Prism Health North Texas (PHNTX) announced their intent to acquire the assets of Community Dental Care of Texas in an effort to expand their missions to create access to affordable healthcare for people living in the greater Dallas area. By integrating dental and medical care under a single community health organization, both important needs can be better resourced and managed. The organization will operate under the Prism Health North Texas brand, and the PHNTX Board of Directors will become the single managing board. The change will build PHNTX’s strategic vision towards improving health for more people throughout North Texas.
All services, locations, and staff currently operating with CDC will migrate to PHNTX. Both organizations receive major funding from Ryan White grants, but both also receive unique funding which synergistically will form even greater support and resources for a wider variety of individuals in the greater Dallas area.
“CDC has an incredible legacy of providing critical dental care for so many people here in Dallas,” says Dr. John Carlo, CEO of PHNTX. “We look forward to continuing this important work and build together an even bigger safety net of healthcare services.”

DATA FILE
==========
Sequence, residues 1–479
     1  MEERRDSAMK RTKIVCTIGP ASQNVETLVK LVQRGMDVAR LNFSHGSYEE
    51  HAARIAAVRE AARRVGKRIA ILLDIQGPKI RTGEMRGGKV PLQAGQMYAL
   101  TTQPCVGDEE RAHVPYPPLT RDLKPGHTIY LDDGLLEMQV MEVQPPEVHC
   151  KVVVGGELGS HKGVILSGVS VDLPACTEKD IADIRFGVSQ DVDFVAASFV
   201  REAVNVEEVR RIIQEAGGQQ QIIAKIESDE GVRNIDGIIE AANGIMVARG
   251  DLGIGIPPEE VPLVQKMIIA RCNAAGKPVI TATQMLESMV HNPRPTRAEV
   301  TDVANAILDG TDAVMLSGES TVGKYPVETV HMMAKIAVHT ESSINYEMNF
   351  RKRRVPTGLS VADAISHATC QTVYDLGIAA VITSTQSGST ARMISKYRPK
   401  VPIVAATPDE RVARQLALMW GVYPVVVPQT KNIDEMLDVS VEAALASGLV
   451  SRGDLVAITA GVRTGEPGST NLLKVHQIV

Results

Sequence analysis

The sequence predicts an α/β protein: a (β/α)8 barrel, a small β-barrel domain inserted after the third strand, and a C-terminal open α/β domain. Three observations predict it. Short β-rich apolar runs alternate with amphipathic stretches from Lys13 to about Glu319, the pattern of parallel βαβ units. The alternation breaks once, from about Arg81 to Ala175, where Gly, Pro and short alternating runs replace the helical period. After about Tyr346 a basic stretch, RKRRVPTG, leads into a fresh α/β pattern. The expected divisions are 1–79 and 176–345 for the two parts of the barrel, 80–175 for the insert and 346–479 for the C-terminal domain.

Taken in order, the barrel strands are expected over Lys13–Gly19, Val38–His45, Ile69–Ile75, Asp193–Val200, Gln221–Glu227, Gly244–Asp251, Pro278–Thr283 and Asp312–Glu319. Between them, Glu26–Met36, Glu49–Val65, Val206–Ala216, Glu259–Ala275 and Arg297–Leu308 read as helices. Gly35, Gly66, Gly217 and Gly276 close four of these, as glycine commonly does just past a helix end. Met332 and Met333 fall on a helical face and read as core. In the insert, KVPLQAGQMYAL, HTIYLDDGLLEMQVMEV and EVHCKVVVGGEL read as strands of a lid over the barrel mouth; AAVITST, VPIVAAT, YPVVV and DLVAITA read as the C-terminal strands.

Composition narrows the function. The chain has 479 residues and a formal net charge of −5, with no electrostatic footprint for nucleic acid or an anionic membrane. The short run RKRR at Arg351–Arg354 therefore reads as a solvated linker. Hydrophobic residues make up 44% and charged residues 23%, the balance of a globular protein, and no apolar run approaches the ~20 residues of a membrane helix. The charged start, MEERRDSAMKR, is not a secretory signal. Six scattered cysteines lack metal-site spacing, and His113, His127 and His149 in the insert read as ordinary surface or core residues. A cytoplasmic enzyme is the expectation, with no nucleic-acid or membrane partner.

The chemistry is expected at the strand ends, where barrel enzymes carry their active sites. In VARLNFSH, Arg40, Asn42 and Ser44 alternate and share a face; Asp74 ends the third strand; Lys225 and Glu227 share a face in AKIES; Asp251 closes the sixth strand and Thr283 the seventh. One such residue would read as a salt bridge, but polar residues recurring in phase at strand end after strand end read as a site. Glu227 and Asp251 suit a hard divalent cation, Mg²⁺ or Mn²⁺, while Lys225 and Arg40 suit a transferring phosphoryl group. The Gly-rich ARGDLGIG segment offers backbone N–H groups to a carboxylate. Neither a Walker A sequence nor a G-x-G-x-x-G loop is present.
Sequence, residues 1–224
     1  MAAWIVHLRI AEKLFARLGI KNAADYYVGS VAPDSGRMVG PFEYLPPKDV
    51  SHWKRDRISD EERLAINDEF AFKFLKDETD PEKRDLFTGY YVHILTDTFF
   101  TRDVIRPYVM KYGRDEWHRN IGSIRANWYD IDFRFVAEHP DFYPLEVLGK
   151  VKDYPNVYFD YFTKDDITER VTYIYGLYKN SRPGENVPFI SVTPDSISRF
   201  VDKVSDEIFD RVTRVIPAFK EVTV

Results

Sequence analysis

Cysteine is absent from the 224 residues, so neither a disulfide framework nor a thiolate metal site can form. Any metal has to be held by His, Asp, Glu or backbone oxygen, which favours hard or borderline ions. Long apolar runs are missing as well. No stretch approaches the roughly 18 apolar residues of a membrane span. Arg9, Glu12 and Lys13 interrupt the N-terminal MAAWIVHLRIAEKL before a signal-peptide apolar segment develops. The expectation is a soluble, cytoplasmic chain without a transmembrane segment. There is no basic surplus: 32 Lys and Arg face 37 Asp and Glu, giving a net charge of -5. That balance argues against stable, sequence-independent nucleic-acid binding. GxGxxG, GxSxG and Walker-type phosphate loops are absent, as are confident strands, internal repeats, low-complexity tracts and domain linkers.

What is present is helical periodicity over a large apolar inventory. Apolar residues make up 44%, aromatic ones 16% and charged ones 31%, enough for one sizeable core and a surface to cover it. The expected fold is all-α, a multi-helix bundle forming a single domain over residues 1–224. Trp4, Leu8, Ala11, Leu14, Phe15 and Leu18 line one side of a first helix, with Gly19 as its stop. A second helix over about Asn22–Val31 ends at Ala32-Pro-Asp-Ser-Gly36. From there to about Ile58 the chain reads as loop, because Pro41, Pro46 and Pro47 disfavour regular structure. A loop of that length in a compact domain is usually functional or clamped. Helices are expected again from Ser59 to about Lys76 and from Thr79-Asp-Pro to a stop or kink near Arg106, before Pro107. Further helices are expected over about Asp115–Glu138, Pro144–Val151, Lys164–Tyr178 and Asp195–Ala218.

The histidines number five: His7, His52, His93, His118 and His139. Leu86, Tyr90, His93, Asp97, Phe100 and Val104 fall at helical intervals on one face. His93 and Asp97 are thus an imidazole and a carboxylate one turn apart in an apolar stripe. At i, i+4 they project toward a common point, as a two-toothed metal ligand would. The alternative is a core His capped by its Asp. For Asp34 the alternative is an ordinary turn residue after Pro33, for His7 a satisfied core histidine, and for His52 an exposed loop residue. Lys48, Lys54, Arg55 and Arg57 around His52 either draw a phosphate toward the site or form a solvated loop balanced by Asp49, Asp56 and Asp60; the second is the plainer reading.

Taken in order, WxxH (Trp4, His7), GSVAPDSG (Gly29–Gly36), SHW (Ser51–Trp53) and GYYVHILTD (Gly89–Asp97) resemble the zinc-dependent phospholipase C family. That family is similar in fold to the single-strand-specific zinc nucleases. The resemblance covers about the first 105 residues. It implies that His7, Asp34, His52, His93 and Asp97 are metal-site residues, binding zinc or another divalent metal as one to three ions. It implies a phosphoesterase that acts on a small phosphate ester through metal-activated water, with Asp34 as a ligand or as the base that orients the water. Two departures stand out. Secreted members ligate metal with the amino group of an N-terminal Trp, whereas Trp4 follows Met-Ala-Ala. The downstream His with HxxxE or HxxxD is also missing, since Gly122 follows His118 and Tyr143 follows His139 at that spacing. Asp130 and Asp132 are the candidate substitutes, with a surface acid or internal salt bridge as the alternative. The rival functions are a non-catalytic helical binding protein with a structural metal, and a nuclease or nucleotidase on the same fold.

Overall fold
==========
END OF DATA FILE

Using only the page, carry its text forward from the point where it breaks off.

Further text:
The dental offices will continue to be located at: 13551 Dennis Lane, Farmers Branch, TX; 8224 Park Lane, Dallas, TX; and 3910 Gaston Avenue, in Dallas, TX. The Gaston Ave location is located close to both the PHNTX Worth Street Health Center at 4004 Worth Street, and the PHNTX Administrative Offices at 3900 Junius Street.
“We are excited about the opportunity to continue our mission in the Dallas area,” said Dorothy Jones, Director of Operations for the Community Dental Care of Texas practices. “Joining Prism and pairing our unique goals and missions will result in a great benefit for our many shared patients and allow us to integrate dental and medical care in a unique care setting.”
According to the Centers of Disease Control and Prevention, more people are unable to afford dental care than any other type of healthcare. In 2015, the percentage of people in the United States with no dental insurance was 29 percent and 62 percent for older adults. Over 40 percent of low-income and non-Hispanic Black adults have untreated tooth decay. Among PHNTX’s current patients receiving medical care at one of its health centers, only 16 percent have evidence of at least an annual dental examination in the past year.